A silverback gorilla named Ndume will return to the Cincinnati Zoo.
Ndume had been living at The Gorilla Foundation in northern California since 1991, in hopes he would mate with Koko, a female gorilla. The two never produced offspring and last June, Koko died.
A 2015 agreement between the zoo and The Gorilla Foundation states that upon the death of Koko, Ndume would be placed somewhere accredited by the Association of Zoos and Aquariums. The Gorilla Species Survival Plan and the zoo recommended Ndume be returned to Cincinnati, but the Gorilla Foundation has refused to make arrangements for Ndume’s transfer.
Late Friday, a judge in the U.S. District Court of Northern California issued a ruling that states the agreement reached between the zoo and The Gorilla Foundation in 2015 is enforceable.
In his order, Judge Richard Seeborg wrote, “There is no legal basis to negate that agreement now. Given that both sides represent that the well-being of Ndume is their paramount interest, however, they are expected to cooperate now to ensure the conditions under which he is transported to the Zoo and begins living there are as optimal as can reasonably be achieved.”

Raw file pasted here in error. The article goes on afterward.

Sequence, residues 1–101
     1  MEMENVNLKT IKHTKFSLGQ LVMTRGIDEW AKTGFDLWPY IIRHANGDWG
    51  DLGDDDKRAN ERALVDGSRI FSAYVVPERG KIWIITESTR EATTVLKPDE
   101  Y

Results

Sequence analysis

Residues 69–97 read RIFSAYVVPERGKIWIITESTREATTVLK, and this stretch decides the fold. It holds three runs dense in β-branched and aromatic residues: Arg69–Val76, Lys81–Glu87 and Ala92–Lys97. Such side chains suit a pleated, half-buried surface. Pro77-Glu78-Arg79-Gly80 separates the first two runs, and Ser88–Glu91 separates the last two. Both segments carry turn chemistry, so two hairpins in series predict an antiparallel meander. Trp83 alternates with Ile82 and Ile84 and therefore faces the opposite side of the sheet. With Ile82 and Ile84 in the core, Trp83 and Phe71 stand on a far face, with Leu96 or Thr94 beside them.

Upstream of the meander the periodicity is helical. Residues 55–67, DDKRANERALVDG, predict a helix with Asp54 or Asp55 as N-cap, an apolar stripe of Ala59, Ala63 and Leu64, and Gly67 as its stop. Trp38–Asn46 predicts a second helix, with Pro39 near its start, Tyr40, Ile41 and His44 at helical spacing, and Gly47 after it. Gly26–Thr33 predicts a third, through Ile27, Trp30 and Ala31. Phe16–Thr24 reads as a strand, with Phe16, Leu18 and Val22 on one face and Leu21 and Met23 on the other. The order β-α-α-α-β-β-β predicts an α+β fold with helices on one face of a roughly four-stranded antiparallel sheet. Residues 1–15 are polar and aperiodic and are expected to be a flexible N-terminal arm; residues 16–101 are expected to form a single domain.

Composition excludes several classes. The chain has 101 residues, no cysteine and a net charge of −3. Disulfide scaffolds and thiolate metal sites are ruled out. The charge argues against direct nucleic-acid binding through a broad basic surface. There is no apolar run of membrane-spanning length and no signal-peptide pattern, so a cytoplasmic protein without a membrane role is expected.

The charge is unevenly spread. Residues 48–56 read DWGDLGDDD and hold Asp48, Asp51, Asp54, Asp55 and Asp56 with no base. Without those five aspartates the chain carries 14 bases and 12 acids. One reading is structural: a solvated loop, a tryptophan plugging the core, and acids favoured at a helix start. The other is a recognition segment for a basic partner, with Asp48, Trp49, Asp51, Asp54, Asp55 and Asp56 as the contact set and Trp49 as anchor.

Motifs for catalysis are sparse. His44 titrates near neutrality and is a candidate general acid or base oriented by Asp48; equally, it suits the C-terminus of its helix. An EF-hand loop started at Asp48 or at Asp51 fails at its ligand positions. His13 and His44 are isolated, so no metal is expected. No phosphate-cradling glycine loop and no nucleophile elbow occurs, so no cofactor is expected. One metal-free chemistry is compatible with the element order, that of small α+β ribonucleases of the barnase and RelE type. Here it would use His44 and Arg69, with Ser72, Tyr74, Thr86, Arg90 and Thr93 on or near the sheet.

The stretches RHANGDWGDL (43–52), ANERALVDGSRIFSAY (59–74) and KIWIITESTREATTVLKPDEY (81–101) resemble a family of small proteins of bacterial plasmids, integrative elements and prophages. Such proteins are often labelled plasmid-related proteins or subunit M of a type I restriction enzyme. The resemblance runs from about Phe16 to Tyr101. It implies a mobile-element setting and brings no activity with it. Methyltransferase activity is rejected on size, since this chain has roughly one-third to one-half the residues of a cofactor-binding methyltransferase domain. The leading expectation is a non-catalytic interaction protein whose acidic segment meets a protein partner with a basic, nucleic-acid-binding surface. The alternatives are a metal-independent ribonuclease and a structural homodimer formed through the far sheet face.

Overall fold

A statement from the Cincinnati Zoo reads, “The Cincinnati Zoo is pleased that the Court is enforcing the loan agreement as it is written. We look forward to working with The Gorilla Foundation to transfer Ndume to Cincinnati safely as soon as possible, so that he can oncea gain live with other gorillas.”
Both sides have been ordered to meet and come to an agreement on how and when Ndume will be transported to the Cincinnati Zoo.
If an agreement cannot be reached in the next 30 days, the sides have been ordered to file a joint statement on why they have reached an impasse. Click here to read an October 2018 story about the custody battle.